What is Adenomyosis?

Here are some common questions and answers explaining what adenomyosis is – and what it isn’t – with sources from some of the top specialists out there referenced for you to check out.

How Do Doctors Describe Adenomyosis?           

Adenomyosis is a benign uterine disorder, and patients can have a range of symptoms and presentations (and can even be asymptomatic in roughly a third of cases). It’s characterized by heterotropic (or heterogeneous, meaning different consistencies) endometrial glands and stroma in the myometrium and fibrosis of the smooth myometrium. The consistency of adenomyosis is different than that of uterine fibroids (which have a smooth and muscle-y texture).

It’s sort of like endometriosis, but inside the walls of the uterus – not external to the uterus.

What Are Potential Symptoms of Adenomyosis?

If you read the What Is…Endometriosis? or What Are…Uterine Fibroids? posts, then you’ll recall that experts agree that painful periods are not normal.

Symptoms of adenomyosis (“adeno”) can include: Chronic pelvic pain; heavy menstrual bleeding, with blood loss causing anemia and related symptoms of fatigue and dizziness; abnormal uterine bleeding; extremely painful cramping that worsens during menses; painful sex; bladder pressure; and radiating pain.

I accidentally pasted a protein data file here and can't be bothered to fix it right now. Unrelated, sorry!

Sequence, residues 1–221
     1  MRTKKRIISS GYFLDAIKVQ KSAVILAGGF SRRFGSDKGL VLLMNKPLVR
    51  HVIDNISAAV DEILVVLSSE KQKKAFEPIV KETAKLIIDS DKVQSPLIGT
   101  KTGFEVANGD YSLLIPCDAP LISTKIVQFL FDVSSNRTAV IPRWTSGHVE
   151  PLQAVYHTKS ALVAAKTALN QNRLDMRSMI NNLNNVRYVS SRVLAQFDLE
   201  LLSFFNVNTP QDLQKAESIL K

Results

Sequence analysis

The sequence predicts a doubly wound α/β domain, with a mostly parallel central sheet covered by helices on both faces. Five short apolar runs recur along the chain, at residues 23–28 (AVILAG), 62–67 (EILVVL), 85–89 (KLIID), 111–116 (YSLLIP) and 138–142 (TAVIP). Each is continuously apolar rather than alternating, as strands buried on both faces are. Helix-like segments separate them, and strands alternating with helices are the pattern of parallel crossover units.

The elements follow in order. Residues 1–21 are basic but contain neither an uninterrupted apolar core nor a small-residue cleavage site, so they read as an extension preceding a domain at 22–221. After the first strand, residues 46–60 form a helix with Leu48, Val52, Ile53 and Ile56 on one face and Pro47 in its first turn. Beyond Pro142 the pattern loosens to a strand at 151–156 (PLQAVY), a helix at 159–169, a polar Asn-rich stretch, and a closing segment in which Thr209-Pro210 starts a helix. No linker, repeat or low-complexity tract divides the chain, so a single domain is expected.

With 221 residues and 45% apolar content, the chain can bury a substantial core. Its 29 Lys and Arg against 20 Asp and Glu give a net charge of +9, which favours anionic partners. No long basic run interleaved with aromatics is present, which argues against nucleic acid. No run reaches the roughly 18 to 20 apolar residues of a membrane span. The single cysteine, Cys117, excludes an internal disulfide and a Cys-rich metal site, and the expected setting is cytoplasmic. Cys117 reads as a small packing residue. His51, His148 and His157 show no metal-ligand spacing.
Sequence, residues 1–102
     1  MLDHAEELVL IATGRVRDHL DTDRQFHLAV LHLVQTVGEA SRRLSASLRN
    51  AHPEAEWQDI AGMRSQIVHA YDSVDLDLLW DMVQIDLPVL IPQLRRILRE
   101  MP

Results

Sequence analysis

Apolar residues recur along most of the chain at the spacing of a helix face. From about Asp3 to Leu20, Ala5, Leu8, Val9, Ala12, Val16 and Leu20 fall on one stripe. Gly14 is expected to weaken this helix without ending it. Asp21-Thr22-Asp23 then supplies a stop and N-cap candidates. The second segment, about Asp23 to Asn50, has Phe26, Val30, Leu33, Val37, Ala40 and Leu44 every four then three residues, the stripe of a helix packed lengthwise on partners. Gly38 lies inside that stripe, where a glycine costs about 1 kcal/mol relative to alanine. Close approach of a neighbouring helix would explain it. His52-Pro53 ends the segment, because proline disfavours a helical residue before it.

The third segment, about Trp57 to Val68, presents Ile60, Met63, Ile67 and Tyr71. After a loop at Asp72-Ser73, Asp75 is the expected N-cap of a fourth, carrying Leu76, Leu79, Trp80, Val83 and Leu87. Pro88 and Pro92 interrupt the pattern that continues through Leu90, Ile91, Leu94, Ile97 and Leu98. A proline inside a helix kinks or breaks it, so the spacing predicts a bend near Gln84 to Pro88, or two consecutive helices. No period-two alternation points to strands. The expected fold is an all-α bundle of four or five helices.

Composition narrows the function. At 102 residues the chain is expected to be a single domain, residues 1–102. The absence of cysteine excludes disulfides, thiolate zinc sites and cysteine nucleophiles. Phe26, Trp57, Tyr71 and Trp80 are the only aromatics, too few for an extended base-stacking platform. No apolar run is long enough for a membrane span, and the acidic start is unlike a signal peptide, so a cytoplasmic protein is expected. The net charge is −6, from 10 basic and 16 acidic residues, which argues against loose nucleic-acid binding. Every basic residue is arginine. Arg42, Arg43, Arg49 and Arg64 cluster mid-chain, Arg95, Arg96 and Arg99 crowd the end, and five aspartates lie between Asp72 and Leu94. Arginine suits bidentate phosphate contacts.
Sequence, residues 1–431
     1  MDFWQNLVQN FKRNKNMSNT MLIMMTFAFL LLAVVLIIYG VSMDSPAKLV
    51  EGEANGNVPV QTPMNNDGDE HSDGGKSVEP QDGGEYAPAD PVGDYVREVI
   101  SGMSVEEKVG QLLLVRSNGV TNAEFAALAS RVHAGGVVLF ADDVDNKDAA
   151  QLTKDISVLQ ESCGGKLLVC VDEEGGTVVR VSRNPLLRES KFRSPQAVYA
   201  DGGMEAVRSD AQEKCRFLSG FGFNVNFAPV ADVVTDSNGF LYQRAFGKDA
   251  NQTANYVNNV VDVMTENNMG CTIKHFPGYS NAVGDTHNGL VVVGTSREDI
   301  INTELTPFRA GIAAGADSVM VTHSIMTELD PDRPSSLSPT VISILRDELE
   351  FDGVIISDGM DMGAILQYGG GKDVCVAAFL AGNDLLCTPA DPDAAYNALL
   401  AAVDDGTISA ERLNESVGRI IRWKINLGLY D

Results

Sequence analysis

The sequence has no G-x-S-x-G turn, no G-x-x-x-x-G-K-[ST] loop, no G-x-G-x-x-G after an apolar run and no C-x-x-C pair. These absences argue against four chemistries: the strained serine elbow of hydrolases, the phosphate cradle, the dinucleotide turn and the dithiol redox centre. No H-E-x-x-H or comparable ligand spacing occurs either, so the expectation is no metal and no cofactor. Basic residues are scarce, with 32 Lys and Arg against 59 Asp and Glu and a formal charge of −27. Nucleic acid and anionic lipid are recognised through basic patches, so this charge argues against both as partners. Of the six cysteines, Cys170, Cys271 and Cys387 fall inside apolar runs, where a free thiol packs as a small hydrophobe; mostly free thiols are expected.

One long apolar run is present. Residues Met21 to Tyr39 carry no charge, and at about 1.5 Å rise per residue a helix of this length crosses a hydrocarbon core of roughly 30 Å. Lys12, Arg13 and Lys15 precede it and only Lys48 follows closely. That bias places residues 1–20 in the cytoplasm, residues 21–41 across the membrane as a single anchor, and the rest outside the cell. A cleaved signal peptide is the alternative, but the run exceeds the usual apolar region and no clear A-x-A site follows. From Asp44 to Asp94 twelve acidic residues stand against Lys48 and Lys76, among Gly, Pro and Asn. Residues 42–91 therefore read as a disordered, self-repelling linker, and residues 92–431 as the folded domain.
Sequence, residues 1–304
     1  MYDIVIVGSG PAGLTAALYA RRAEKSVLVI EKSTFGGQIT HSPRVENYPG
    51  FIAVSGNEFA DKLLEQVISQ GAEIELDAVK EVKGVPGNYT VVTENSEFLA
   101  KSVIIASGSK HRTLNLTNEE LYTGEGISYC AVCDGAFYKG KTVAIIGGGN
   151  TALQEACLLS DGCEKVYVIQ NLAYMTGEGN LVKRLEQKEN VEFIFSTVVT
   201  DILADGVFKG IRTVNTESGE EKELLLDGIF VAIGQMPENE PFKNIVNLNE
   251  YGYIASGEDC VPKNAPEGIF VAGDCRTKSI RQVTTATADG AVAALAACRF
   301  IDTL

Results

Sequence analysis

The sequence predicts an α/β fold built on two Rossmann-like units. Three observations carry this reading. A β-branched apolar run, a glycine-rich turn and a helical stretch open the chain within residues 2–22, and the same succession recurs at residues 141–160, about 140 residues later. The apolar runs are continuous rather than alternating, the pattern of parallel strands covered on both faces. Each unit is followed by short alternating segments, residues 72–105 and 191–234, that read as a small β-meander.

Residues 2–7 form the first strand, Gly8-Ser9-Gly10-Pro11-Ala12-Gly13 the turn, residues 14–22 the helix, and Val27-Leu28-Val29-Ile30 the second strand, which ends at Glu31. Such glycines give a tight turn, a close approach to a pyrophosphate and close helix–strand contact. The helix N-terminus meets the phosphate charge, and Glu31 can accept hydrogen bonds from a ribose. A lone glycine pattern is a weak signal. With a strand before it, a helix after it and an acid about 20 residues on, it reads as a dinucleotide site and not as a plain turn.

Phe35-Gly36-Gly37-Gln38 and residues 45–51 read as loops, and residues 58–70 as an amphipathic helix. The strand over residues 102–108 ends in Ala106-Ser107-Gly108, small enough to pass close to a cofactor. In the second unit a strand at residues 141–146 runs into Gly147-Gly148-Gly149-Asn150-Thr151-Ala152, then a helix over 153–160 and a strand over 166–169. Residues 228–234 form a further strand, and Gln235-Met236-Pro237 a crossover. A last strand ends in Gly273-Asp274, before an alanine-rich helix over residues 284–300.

Pain may radiate up to the belly button and down the buttocks and thighs because the uterus is innervated by nerves that run along the uterine ligaments.

A heavier menstrual flow doesn’t mean that the uterus is shedding more endometrium (that’s determined by the size of the uterus and its endometrial thickness).

Who Gets Adenomyosis?

It’s not known how adenomyosis occurs, though there are several theories. As with endometriosis, retrograde menstruation is not a probable cause.

Womxn with adenomyosis often have other gynecologic conditions, such as endometriosis (particularly deep infiltrating endometriosis) or fibroids. Reports cited in one article estimate that adenomyosis cases were distributed approximately 20% among younger women (under 40) and 80% in women 40–50 years old, with most severe symptoms in the older age group. However, adenomyosis (like endo) can also affect womxn in their teens. It’s believed to be an estrogen- dependent condition.

How Do I Know if I Have Adenomyosis?

Diagnosis of adenomyosis is confirmed through pathology done involving microscopic evaluation of the uterine wall or samples taken from it. Adenomyosis may be diffuse or concentrated as an adenomyoma (which may be possible to remove via surgery like a fibroid), so, the ability to remove a sample of (diffuse) adenomyosis could be nearly impossible (meaning it’s hard to spot or identify).

A pelvic exam, transvaginal ultrasound, or MRI can help to assess suspected adenomyosis. A pelvic exam (much like the experience of intercourse) may be particularly painful or may make the area tender.

An MRI could help get you to a diagnosis by spotting adenomyomas 5mm or greater in size (along with imaging fibroids and cysts). But this is if the myometrium’s consistency is changed. An ultrasound may also identify some areas of adenomyosis if they can be imaged successfully. But, as with endometriosis, these methods of imaging are not usually specific enough to paint a full picture of a condition.